Yesterday on NPR's radio show "Fresh Air" host Terry Gross interviewed Michael Farris, president of the fundamentalist Christian school Patrick Henry College. This regrettably named institution seeks to train home-schooled Christians to be tomorrow's leaders, "ready to reclaim the biblical principles upon which our land was founded." The interview with Farris, who also teaches Constitutional Law at the school, shows the dangerous results of two misunderstandings regarding the nature of our government.

Gross questioned Farris about a passage from his book, The Joshua Generation, in which he proclaims his desire that Christian students "engage wholeheartedly in the battle to take the land." His reply:

Everyone who engages in politics, everyone who engages in public discussions wants their philosophy to succeed, that's the nature of democracy. People who believe the kinds of things that I describe in that book, and that we teach at Patrick Henry College, we want to be successful, just like everybody else. And in a democracy, people listen, and they decide which candidates, which ideas are the better ideas. And if they like the ideas of one, they vote for them. That's what we're talking about. We're talking about winning the war of ideas by having a better way of articulating our principles than the principles of people who are on the other philosophical camp.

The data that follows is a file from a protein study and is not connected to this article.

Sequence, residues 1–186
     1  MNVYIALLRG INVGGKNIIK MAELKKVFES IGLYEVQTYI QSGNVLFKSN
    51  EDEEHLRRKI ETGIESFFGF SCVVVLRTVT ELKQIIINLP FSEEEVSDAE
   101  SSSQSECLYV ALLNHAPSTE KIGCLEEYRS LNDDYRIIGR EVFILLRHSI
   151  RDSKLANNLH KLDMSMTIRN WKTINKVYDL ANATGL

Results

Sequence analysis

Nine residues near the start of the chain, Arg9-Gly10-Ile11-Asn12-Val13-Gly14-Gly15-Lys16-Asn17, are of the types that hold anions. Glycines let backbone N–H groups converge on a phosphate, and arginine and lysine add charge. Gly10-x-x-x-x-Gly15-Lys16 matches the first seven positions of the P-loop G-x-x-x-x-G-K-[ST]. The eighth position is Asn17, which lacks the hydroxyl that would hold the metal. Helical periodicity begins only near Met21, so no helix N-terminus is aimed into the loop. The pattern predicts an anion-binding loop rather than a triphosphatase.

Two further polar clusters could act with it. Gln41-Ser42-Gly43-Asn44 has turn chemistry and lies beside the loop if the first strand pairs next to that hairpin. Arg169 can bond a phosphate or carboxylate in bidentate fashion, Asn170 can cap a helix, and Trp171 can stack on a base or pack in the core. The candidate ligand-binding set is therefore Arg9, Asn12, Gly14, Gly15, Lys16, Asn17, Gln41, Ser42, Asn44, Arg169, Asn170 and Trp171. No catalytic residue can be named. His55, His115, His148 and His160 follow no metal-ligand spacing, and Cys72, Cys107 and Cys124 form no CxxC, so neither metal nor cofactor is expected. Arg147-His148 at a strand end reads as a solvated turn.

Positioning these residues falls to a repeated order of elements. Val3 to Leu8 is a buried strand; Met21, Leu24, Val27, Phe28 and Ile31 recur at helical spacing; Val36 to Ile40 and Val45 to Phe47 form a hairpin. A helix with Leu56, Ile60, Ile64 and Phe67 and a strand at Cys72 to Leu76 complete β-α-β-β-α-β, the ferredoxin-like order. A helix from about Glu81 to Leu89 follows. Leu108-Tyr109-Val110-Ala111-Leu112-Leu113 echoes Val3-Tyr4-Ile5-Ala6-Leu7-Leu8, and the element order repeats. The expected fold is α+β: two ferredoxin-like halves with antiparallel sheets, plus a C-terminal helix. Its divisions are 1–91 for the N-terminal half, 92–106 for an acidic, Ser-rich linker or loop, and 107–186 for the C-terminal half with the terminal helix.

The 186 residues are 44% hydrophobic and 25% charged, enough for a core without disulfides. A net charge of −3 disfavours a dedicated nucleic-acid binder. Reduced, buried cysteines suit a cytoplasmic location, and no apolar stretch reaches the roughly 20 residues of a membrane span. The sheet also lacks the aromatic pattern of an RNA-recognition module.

This is indeed the nature of democracy, and being "successful" or "taking the land" in this context means that you've convinced a majority to vote to advance your philosophy with government force. With a legion of college students trained to spread Christian ideology in the public sector Farris hopes to use the democratic process to one day force his agenda on America—including restrictions on abortion, extramarital sex, and homosexual activity.

Democracy places an individual's life, liberty, and pursuit of happiness at the mercy of his countrymen, . . .

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